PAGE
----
New research shows that New Zealanders are leaders when it comes to understanding key financial concepts but sometimes they find it hard to put their knowledge into practice.
Launched at the Financial Literacy Summit in Auckland, the 2013 Financial Knowledge and Behaviour Survey found that there is a considerable gap between knowledge and action: even though most (88%) understand the need to save for retirement, only one-in-three New Zealanders (31%) have worked out how much they have to save.
However take-up of KiwiSaver, a voluntary, work-based, government savings initiative that helps people prepare for retirement, has increased markedly since 2009, from 29% to 52%. "KiwiSaver and the public debate about retirement savings have made a big difference to financial literacy," said John Body, Managing Director ANZ Wealth. "People are far more aware of these issues than a few years ago."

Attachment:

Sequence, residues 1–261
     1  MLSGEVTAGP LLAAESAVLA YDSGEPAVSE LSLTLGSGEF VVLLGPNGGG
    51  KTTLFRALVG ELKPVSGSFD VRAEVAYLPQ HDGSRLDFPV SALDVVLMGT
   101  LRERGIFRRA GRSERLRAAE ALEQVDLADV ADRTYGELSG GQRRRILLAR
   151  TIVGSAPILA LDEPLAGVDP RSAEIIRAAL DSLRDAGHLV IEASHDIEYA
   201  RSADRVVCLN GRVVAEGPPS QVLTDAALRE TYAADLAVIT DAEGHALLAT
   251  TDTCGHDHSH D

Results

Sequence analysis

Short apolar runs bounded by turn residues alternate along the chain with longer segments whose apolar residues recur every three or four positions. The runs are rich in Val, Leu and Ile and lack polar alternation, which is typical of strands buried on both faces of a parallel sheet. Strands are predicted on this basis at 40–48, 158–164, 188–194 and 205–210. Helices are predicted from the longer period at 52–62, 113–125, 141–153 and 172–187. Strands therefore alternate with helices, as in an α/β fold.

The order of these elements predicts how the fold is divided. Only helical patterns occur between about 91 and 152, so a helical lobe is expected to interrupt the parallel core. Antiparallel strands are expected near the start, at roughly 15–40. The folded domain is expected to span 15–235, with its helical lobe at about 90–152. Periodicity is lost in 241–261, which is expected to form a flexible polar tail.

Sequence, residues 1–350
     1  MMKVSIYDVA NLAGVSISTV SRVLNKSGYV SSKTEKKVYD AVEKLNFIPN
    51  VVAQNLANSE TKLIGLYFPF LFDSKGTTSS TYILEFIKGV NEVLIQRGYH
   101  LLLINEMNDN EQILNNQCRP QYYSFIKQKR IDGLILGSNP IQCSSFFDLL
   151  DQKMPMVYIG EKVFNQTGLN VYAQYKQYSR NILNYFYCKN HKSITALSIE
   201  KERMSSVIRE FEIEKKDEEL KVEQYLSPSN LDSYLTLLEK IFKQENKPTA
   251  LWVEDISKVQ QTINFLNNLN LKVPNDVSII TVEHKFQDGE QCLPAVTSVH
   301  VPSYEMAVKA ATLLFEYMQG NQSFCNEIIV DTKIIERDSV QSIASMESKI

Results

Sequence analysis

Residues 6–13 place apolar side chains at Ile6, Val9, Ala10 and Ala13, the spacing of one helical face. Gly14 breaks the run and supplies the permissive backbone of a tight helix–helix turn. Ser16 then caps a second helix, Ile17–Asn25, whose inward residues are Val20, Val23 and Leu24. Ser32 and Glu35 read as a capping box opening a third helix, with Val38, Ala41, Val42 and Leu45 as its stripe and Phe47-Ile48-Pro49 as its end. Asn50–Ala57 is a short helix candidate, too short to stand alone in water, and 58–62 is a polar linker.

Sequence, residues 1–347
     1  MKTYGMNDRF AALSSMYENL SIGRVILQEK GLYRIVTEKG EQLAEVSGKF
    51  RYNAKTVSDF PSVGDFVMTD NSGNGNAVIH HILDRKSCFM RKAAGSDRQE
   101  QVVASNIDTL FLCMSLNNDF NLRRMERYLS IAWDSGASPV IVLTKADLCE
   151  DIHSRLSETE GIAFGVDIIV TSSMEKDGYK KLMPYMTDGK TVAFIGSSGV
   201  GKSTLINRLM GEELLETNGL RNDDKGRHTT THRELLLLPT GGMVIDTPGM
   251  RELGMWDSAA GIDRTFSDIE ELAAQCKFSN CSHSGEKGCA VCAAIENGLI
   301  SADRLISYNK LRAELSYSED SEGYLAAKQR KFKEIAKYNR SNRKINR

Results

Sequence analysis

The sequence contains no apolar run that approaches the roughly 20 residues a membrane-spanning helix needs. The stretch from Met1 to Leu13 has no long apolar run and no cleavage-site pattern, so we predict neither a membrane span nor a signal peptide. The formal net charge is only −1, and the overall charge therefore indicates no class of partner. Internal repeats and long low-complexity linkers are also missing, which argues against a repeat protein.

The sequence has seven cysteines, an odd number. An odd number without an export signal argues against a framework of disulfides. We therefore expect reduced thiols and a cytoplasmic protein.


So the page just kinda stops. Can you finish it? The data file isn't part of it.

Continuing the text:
ANZ is working to improve financial education through its MoneyMinded program, which teaches basic budgeting, savings and money management skills. In South Auckland, ANZ has partnered with the Solomon Group Education and Training Academy which provides training to people with low levels of financial literacy.
"For many of our students, MoneyMinded has improved their lives," says Judy Solomon, Director of Curriculum for Solomon Group. "The knowledge they’ve gained helps them understand, often for the first time, about ‘money in’ each week and empowers them to take greater control of their lives."
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